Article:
Country Report Kazakhstan August 2017

Country Report Kazakhstan August 2017

  • August 2017 •
  • Report ID: 1698127 •
  • Format: PDF

Outlook for 2017-21



  • There are signs that succession planning is under way. However, uncertainty about how and when a transition of power away from the president, Nursultan Nazarbayev, will take place is the main risk to political stability.
  • The Economist Intelligence Unit's baseline forecast is that Mr Nazarbayev, who is 77, will serve out his term to 2020, but risks to this forecast have risen.
  • The relationship with Russia will remain of primary importance in 2017-21. However, the conflict in Ukraine has made Kazakhstan more cautious about further economic integration, such as via the Eurasian Economic Union.
  • We forecast that real GDP growth will pick up from 0.9% in 2016 to an average of 2.7% in 2017-21. Capital spending on infrastructure will be significant, driven by the government's stimulus programme and investment from China.
  • The projected slowdown in China's economy in 2018, which could further depress commodity prices, represents a significant downside risk to growth.
  • The government will undertake limited reforms to improve the investment and regulatory environment. The privatisation programme is unlikely to have a significant impact on productivity or competitiveness.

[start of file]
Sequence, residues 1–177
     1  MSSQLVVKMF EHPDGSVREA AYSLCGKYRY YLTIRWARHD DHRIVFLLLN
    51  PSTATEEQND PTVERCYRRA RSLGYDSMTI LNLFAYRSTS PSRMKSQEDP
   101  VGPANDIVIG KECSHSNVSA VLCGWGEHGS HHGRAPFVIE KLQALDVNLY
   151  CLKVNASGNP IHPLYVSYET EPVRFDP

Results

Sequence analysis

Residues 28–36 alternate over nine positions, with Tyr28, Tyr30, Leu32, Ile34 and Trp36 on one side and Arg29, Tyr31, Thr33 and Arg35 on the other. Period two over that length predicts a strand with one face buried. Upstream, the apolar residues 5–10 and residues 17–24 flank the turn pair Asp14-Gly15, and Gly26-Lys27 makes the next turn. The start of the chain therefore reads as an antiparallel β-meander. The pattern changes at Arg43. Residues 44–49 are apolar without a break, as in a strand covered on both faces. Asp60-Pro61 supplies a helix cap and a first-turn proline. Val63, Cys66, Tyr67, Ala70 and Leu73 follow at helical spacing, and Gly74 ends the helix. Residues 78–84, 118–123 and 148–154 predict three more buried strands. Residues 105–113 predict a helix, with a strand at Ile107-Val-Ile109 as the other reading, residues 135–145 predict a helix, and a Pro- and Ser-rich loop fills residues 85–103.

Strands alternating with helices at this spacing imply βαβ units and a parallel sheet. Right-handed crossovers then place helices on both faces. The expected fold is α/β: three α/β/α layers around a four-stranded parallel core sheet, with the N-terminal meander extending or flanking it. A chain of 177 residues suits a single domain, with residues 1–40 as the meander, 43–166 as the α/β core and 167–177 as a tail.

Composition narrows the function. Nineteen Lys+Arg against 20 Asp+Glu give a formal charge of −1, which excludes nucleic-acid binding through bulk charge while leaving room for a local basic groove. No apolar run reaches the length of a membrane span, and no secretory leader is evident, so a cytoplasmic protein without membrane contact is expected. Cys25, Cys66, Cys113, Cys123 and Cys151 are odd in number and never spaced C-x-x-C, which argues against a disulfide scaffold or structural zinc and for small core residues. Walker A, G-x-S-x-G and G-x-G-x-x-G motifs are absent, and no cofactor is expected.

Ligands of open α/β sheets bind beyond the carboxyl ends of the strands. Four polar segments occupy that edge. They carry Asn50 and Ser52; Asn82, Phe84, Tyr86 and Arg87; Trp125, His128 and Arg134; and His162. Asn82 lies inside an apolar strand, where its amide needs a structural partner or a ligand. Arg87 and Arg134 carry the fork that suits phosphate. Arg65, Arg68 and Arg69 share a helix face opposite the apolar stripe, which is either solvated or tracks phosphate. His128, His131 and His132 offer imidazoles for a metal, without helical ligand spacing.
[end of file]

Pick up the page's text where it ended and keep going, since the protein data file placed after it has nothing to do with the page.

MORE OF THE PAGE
• Further state support to the banking sector will be required (and is likely to be forthcoming). Deficiencies in financial oversight are likely to persist. The risk of further serious problems emerging in the sector cannot be discounted.


Review



  • On July 25th Larisa Kharkova, a prominent trade union leader, was convicted of abuse of office, and on August 3rd Olesya Khalabuzar, a civil society activist, was convicted of inciting ethnic enmity.
  • According to Berik Sholpankulov, the deputy minister of finance, the government has sold stakes in 447 of the 569 companies that it has put up for sale since June 2014.
  • On July 17th the National Bank of Kazakhstan (NBK, the central bank) kept its policy rate at 10.5%, with a ±1-percentage-point interest rate corridor.
  • On August 9th the NBK said that it would issue banks with funding of Tenge600bn-Tenge1trn (US$1.8bn-US$3bn) by purchasing bonds to help them to write off distressed assets.
  • In the first half real GDP (gross value added) grew by 4.2% year on year, according to a first estimate by the Statistics Agency of the Republic of Kazakhstan.
  • In July retail trade volumes grew by 9.2% year on year, up from 4.6% in June.
  • In July consumer price inflation stood at 7.1% year on year, down from 7.5% in June 2016 and an average of 14.6% in 2016.


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